If you were to sit next to someone while they played Arkham Asylum or Arkham City and say something to them, you’d be Oracle. Whether you’re encouraging them, warning them, expressing concern or providing levity, you’d be doing for them what Oracle does for Batman (so we’re clear, if you’re mocking or distracting them, you’d be a jerk). The point, though, is that even if you aren’t interacting with the game, you’re still a part and a subject of the experience by interacting with the player.
Last summer, my partner and I picked up a used copy of Tomb Raider II from a record/video place in the heart of the city we live in. We’d both played the game when it first came out but the underwater levels were too clausterphobic for her and I liked cheating too much to give the game an honest go. So, for $2, we decided it was worth reliving. One of us would play Lara, the other would play Oracle. When Lara got stuck, Oracle would deliver a helpful piece of advice. If ever something stumped both Lara and Oracle, than Oracle would pull up a walkthrough and map out the next few steps for Lara. We’d swap the controller and the laptop every level, changing our interactions with the game and with one another.
Video games offer a unique space for critical interaction that other media does not. Even lengthy single-player affairs (such as Jade Empire, my most recent outing as Oracle) offer a chance to connect with another person. Visual art can be absorbed in the literal blink of an eye (Houlden, Sophie. “Can Art be Games?” Sophie’s Blog. Nov 30 2012) and literature and film can only really be discussed after they’ve been taken in entirely. We both took a literature degree, so we can book-talk with the best of them, but I read a snail’s pace and, while we both enjoy movies and TV, she’s less interested in seeing a film on the small screen and it takes time to dig into a new, mutually agreeable series. But video games aren’t like that. Video games are constantly interactive even without playing them.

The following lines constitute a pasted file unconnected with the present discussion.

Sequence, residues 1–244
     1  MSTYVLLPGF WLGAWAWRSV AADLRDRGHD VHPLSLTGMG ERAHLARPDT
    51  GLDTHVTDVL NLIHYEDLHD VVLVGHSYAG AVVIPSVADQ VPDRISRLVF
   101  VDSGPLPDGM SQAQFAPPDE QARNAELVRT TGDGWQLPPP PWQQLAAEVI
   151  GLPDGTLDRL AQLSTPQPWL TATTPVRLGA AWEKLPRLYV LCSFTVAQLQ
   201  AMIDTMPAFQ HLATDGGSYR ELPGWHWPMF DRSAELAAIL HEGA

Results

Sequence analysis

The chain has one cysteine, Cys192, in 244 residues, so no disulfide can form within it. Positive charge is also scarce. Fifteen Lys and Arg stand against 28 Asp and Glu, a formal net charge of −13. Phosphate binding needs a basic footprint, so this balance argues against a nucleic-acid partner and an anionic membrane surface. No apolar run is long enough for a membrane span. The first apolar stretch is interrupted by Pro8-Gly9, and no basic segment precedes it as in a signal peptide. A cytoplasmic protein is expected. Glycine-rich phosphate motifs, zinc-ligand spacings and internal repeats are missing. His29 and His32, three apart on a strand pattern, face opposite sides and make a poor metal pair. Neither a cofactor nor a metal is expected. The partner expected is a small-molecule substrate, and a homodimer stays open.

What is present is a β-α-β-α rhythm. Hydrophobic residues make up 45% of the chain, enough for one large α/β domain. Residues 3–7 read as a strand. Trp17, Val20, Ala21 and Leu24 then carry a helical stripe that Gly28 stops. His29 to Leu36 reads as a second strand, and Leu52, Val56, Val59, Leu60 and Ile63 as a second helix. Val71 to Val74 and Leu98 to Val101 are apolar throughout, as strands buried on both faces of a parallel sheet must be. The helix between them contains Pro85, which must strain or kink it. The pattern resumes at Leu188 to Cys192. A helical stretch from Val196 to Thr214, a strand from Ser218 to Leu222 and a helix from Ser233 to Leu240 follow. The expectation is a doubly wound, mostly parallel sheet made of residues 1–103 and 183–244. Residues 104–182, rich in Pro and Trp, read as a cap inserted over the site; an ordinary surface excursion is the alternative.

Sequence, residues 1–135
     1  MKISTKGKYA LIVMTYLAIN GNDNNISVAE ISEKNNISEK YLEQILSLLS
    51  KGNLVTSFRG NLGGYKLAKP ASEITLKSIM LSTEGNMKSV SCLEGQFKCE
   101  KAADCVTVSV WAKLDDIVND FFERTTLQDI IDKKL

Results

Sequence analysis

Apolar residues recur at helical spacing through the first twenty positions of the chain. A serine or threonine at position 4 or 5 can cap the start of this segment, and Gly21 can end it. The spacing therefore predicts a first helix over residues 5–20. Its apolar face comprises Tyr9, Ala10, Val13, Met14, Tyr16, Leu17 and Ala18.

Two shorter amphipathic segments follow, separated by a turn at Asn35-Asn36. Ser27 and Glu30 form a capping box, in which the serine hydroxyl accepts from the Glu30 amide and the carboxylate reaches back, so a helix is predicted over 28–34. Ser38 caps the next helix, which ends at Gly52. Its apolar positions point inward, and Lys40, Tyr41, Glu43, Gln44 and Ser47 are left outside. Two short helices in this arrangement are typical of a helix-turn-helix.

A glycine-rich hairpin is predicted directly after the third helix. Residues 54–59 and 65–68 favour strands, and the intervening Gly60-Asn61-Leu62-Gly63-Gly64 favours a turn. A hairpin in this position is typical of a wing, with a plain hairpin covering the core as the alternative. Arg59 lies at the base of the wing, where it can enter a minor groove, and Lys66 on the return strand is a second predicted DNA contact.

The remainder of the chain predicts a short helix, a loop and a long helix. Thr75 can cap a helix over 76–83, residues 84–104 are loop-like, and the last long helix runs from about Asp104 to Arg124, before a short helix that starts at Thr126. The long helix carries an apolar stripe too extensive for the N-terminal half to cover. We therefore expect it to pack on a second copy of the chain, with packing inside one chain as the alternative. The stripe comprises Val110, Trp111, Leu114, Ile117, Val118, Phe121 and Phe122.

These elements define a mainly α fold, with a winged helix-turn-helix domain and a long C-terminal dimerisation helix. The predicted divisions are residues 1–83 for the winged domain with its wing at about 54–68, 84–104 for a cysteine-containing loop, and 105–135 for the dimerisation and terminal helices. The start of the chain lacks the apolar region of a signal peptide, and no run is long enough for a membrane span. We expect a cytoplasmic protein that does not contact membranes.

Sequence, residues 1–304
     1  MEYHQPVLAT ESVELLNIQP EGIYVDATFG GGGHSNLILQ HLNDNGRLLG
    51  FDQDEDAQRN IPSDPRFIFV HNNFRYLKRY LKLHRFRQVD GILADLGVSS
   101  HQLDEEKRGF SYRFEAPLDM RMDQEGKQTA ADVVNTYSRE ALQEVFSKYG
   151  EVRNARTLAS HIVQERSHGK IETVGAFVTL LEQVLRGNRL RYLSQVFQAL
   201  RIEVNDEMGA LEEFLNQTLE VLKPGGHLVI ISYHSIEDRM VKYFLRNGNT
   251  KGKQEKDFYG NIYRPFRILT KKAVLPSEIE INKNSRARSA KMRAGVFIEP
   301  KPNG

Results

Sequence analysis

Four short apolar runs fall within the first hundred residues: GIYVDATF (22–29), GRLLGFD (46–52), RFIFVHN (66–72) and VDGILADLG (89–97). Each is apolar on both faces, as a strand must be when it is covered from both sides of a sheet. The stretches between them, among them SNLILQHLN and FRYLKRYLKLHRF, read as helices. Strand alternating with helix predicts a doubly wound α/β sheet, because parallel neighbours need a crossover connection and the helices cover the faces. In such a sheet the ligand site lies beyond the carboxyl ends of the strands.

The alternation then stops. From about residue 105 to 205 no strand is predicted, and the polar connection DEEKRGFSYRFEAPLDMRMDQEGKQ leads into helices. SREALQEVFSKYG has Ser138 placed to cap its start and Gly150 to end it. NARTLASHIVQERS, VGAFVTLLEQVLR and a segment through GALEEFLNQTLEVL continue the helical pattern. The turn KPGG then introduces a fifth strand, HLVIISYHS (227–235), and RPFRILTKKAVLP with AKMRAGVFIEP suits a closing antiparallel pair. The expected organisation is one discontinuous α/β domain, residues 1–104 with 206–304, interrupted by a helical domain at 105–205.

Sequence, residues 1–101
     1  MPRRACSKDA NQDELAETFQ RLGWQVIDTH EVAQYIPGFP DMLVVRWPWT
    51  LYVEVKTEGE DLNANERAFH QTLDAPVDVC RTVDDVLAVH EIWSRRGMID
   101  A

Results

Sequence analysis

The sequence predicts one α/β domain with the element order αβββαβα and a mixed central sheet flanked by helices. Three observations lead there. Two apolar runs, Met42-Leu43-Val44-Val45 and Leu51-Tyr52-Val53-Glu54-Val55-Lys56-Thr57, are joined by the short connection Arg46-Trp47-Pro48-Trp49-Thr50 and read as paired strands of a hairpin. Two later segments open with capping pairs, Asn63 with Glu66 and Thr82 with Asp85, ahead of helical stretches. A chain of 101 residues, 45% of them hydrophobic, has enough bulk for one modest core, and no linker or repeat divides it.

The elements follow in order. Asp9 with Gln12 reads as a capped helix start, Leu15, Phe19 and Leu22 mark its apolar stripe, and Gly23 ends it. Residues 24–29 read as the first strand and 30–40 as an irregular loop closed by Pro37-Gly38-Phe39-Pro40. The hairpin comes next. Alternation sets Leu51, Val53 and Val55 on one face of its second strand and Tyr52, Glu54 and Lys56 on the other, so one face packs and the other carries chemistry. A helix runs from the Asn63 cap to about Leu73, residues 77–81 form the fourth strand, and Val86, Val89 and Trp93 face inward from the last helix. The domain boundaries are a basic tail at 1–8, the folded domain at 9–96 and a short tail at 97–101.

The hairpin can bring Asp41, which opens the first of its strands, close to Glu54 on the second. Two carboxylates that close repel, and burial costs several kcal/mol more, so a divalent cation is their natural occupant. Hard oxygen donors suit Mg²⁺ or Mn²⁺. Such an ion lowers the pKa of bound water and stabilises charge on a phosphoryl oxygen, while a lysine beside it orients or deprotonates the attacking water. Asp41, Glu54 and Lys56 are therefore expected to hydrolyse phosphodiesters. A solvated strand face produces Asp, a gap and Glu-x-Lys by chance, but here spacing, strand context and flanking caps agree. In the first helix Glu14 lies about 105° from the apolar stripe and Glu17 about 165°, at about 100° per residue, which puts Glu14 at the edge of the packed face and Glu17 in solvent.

I can, for instance, play Shining Force II with the sound off right next to her while she plays Lord of the Rings: War in the North. One of us can pause when we reach a difficult spot and consult our Oracle. She can turn to me and fill me in on how well War in the North draws on the history of her beloved Lord of the Rings while I comment on how much my own game is influenced by Tolkein’s primordial fantasy. We can have a conversation around our games while playing them. We can engage with our games, with one another and with one another’s games all at the same time. We can be Batman in one game while being Oracle in another. And that’s only for those of us that play.